Big data is the buzzword we can't avoid, but for good reason: it's changing the way a lot of businesses operate, and will continue to do so, especially within the supply chain world.
Sixty-four percent of supply chain executives consider big data analytics a disruptive and important technology, according to SCM World, even though it's still a relatively new application of the technology.
"Most large Fortune 500 companies have been using big data for one to three years," says Jeff Saltz, associate professor at Syracuse University's School of Information Studies. "They're experimenting some and getting significant value."
But companies like Amazon and Apple have budgets beyond the moon. What about companies that don't fall within the Fortune 500, let alone the 1000 or 2000?
Here are five ways big data will change supply chain as we know it, and how to get your company there -- even if you're met with a chorus of "What we have now works!" because it probably won't for the business climate 10, 15, 20 years ahead.
1. Boosting visibility
Big data analytics can provide visibility into where things are, where they should be, and what's gumming up the system - assuming the data is the right stuff.
This can save money at every point in the process, especially when it comes to finding errors and fixing them before they become multi-million dollar headaches. "If we make the assumption that something happens very early in the supply chain, that will have a ripple effect," says Barry Pellas, CTO and chief business technologist at IT consulting firm PointSource.
Big data can also help companies with the planning and execution parts of that supply chain, says Melanie Nuce, vice president of corporate development at standards organization GS1 US, by letting companies know where their stuff is, and where it should be.
A lot of that right now is in RFID tagging, which cuts down on human error. "I can walk around my store with a smartphone [that] is collecting inventory for my store for me. I no longer have to deploy employees to very laborious inventory," she says. Collecting data from RFID tags is also faster than a more manual approach.
Big data can also tell you where that inventory should go "at a very granular level by channel, by customer, by size and color," she says. Visibility also means that companies can share information with consumers who want to know more about the supply chain that led to the production of that product. For example, if a consumer is interested in buying a shirt, "I want to know that all the components came from good sources and no inappropriate labor [was] involved," Nuce says.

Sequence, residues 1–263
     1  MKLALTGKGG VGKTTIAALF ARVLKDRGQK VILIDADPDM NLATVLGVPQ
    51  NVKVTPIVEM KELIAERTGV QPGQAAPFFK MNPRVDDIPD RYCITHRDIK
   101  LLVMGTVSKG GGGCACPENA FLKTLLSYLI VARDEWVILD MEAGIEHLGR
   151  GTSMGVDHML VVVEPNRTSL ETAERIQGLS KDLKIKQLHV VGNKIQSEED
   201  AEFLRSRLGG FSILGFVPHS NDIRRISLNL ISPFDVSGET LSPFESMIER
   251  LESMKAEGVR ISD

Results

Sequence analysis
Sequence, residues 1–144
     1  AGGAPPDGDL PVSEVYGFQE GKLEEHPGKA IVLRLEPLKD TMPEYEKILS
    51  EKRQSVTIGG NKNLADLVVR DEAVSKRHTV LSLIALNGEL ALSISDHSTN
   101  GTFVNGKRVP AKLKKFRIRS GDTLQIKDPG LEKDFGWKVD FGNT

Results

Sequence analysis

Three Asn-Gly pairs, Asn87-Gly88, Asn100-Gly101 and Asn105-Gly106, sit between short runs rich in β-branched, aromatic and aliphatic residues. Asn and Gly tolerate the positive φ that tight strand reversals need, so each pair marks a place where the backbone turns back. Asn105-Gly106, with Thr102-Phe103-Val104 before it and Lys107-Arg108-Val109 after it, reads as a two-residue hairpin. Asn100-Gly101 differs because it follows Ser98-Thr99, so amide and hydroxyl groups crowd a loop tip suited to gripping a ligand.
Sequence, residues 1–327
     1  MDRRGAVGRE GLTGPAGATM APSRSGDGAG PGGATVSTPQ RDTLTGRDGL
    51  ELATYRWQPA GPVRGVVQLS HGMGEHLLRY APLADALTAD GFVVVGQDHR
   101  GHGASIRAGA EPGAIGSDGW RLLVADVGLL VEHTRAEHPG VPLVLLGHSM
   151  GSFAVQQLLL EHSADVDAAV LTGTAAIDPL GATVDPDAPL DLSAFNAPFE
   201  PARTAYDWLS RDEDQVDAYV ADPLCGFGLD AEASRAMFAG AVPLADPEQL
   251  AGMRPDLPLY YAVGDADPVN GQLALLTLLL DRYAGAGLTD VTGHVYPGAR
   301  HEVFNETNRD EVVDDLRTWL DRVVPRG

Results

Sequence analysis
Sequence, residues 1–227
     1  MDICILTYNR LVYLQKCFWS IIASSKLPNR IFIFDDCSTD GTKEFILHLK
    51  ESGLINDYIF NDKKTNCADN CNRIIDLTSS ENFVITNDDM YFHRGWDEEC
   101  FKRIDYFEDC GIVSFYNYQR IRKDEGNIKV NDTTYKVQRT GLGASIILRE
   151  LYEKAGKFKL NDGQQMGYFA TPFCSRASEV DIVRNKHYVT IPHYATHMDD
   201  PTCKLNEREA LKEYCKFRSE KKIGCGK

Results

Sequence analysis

2. Giving more weight to social media
As if Facebook and Twitter and Instagram (and whatever the next hot thing will be) weren't pervasive enough in our lives, they will play a big role in the expansion of big data within supply chain. Already, IoT means that more products are throwing out data about consumers, but many of us already hand off that kind of data for free through social media.
"Social media influences the perception of a product or a service, and that drives my expectation of how I'm going to sell this service," says Saltz. Big data tied to social media can do a lot, from taking the temperature of an advertising campaign's effectiveness to understanding the impact when a celebrity tweets about a product.
3. Pushing out legacy systems
Although it won't erase those legacy systems overnight. According to that PointSource's 2017 Supply Chain Digital Transformation Report, 89 percent of supply chain organizations rely on legacy systems, while just 40 percent say that they have the internal resources to maintain and improve on their organization's infrastructure.
Nuce says "supply chain tends to be more observer" than early adopter, which can create pushback on investing money and resources into replacing legacy systems. "If you try to go in and replace entire systems for the entire infrastructure, it's just never going to work. You'll never finish and you'll be way over budget," says Pellas.
When a company wants to start making this transition, Pellas receommends that they "determine one of the highest value replacements." Then create a road map on how to implement change over time.
"The other important thing is you can't forget that your systems still need to operate while this change is going on," he says. "The strategy has to include the ability to slowly roll out the changes but also work with the legacy system until the full switchover can occur."
4. Speeding things up - for better or worse
Big data is called that because there's a lot of it, but not all of it will lead to a perfect supply chain.
"All automation does is make 'garbage in' and 'garbage out' a lot faster," says Nuce. "If I'm an executive and I'm advocating for this initiative, I need to be able to address what are my data governance policies."
That's why taking the time to make this transition correctly is important. You want to make sure that the money spent is worth it and won't sour the company on big data in the supply chain.
"If you don't start with quality data, leveraging a big data initiative would not really be beneficial," Nuce adds.